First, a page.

The Library of Congress just named Gene Leun Yang their official Ambassador of Young People’s Literature, which, oh my God, I didn’t even know that was something you could be! My long-lost career dreams of being a glamorous diplomat are renewed! Even though up until last year he was still working full-time as a teacher, Yang’s had a long, storied career already. His solo works American-Born Chinese and Boxers and Saints, which was a two-book fictional work about the Boxer Rebellion in China, have both been widely acclaimed. He was also the writer of the first Avatar: The Last Airbender sequel, which will probably be way more exciting to young readers than his nomination for the National Book Award. For the superhero inclined crowds, Yang’s currently writing the monthly Superman series, which is supposed to be super good, and with Sonny Lieu revived the Golden Age character Green Turtle in The Shadow Hero. While the NYTimes announcement doesn’t delve too deeply into his upcoming work, here is a great interview looking at recurring themes in his work and what’s coming next from him. Basically, I don’t know how this guy is going to fit being a diplomat into his very busy schedule! As an Ambassador, he’ll be helping to promote children’s and YA literature and encourage encouraging young readers to explore lots of different genres. Also, while it’s not mentioned in the announcement, I presume that, as an official Ambassador, Yang gets diplomatic immunity and therefore can’t be convicted of any crimes. Or at least that’s how it works in Law and Order episodes.
In a very strange non-announcement, Mike Mignola casually mentioned that Hellboy in Hell would be concluding with #10 with no big projects next on the horizon for either Mignola and Hellboy. It’s a little weird that Mignola chose an interview otherwise dedicated to his favorite Frankenstein-inspired works to drop this little news nugget, especially since Hellboy in Hell #9 hasn’t been solicited yet and the book doesn’t come out monthly because Mignola’s doing pencils and writing himself. No telling yet if Hellboy in Hell will actually conclude the titular character’s story arc, which has been propelled forward through miniseries all the way back to the first Hellboy story in Seed of Destruction. While other creators have joined him as the related titles began and the so-called “Mignola-verse” was born, the central storyline of Hellboy himself has always closely worked on by Mignola himself. It’s hardly unreasonable to imagine that after more than 20 years he would want to put this character’s story to rest. That doesn’t preclude miniseries like Hellboy & the B.P.R.D.: 1953, a flashback story of one of his earliest adventures that is currently being published, nor does it spell the end for other Mignola-verse properties like B.P.R.D. and Lobster Johnson. But it would definitely be the end of an era.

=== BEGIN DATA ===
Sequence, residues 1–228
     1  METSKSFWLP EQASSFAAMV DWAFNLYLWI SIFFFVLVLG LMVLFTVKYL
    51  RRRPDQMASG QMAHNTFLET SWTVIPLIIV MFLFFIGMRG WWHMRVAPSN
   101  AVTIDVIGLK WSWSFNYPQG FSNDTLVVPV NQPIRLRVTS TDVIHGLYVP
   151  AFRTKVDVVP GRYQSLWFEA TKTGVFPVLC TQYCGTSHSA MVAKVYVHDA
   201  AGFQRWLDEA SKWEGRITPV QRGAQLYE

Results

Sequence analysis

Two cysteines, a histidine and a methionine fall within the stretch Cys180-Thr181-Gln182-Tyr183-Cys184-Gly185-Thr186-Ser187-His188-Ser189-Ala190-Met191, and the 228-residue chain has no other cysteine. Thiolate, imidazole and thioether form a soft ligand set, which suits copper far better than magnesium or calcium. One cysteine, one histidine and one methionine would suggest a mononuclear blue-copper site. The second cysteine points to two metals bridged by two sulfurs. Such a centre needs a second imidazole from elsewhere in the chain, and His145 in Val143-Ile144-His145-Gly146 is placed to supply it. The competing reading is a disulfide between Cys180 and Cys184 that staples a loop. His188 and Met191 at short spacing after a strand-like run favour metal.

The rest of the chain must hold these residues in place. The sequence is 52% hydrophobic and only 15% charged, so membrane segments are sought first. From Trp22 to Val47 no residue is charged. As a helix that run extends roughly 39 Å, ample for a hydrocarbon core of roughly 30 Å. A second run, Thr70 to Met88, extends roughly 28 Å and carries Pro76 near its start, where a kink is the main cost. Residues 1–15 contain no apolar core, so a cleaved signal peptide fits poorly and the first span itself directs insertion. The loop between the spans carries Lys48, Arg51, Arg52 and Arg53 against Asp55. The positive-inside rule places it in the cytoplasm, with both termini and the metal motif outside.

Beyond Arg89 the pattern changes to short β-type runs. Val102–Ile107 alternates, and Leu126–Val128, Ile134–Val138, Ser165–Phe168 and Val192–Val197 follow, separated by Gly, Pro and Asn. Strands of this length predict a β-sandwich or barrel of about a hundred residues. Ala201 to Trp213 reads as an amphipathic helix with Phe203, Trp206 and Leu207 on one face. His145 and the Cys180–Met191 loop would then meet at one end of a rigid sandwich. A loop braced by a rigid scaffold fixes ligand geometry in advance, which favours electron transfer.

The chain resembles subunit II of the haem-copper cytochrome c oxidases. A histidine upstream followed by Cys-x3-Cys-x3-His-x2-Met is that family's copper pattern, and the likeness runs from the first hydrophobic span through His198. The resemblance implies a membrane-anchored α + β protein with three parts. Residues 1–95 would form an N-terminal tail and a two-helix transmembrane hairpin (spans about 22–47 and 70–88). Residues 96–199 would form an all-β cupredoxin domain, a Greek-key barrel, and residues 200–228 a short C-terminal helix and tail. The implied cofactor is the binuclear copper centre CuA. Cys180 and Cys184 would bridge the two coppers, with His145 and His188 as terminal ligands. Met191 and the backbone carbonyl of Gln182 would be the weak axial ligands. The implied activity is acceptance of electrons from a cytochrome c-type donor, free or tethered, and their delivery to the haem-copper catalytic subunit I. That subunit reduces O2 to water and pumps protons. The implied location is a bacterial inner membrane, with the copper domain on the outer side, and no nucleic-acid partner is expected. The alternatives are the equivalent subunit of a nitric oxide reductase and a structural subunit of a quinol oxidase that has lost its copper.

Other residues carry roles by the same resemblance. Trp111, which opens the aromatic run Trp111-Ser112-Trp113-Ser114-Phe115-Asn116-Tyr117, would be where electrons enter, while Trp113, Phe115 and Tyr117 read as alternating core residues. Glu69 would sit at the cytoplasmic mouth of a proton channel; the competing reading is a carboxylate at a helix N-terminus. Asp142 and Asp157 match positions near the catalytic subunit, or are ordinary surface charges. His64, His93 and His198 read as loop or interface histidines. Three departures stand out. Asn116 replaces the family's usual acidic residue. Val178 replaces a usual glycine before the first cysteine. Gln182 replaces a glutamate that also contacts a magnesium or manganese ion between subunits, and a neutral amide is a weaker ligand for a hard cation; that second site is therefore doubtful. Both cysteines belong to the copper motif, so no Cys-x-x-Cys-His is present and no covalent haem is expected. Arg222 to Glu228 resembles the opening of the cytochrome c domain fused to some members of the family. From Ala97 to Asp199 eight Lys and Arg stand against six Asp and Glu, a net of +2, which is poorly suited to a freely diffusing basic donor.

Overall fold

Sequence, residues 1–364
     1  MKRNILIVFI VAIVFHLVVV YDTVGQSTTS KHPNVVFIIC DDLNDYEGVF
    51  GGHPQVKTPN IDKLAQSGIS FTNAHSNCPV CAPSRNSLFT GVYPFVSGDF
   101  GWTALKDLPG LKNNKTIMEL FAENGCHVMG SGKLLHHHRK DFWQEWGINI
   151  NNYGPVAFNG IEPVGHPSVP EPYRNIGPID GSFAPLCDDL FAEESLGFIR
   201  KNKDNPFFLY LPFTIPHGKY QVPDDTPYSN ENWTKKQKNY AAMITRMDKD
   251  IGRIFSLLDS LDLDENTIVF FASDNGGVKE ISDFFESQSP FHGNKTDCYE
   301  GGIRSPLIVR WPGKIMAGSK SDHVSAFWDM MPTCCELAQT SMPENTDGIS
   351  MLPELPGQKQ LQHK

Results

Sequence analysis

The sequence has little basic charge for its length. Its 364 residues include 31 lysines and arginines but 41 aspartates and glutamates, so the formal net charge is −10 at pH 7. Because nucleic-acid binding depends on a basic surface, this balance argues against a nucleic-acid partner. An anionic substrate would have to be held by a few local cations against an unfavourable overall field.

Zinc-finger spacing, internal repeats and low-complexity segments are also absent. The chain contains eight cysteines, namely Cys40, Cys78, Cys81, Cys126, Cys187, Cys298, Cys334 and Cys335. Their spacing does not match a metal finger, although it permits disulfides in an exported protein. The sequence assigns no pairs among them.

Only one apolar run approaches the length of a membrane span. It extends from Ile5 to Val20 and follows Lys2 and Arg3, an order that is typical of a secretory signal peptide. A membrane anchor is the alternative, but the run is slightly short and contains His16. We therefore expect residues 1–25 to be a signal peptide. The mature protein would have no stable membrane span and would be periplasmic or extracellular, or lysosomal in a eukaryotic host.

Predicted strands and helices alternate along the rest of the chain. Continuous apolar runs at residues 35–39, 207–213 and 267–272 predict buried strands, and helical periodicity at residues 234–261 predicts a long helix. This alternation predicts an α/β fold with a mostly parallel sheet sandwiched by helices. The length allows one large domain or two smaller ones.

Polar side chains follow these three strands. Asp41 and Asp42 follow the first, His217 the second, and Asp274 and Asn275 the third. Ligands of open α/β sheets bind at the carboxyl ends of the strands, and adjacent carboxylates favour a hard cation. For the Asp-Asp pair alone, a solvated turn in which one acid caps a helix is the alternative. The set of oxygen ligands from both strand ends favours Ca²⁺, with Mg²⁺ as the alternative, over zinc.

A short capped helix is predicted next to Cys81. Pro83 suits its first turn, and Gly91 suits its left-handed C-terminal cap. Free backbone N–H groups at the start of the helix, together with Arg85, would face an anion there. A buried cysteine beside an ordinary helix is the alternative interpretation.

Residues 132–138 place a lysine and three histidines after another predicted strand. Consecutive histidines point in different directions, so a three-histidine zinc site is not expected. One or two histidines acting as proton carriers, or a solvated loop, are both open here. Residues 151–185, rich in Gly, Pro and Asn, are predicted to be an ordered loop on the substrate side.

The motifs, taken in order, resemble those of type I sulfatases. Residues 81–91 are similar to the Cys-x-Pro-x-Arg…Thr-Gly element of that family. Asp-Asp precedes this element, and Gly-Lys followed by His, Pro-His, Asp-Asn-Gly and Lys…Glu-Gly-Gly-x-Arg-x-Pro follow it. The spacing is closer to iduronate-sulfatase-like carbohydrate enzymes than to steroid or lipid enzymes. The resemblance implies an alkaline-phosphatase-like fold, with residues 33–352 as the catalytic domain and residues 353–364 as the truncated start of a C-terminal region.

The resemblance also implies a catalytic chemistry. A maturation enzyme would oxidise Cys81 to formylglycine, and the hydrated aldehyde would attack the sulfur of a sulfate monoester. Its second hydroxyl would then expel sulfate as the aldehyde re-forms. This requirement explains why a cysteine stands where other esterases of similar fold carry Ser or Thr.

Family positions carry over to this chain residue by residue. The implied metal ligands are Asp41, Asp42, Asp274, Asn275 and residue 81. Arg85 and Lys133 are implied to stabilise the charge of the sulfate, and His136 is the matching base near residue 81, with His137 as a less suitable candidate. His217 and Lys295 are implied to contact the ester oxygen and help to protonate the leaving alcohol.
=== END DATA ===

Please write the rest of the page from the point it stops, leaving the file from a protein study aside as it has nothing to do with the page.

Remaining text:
Or it could be just an off-the-cuff remark that doesn’t mean anything beyond Mignola taking a break before starting on another brand new Hellboy story! Who knows! What I do know is that, unlike werewolves, I’m always in the tank for Frankenstein stories so I was pretty excited about what that interview was actually supposed to be about: Frankenstein Underground the trade paperback collection by Mignola, Ben Stenbeck and colorist Dave Stewart. There’s a long preview on NY Magazine of all sites, and it actually looks like the full first issue from the five-issue miniseries. So…that’s a totally free and legal comic you can check out, if you want?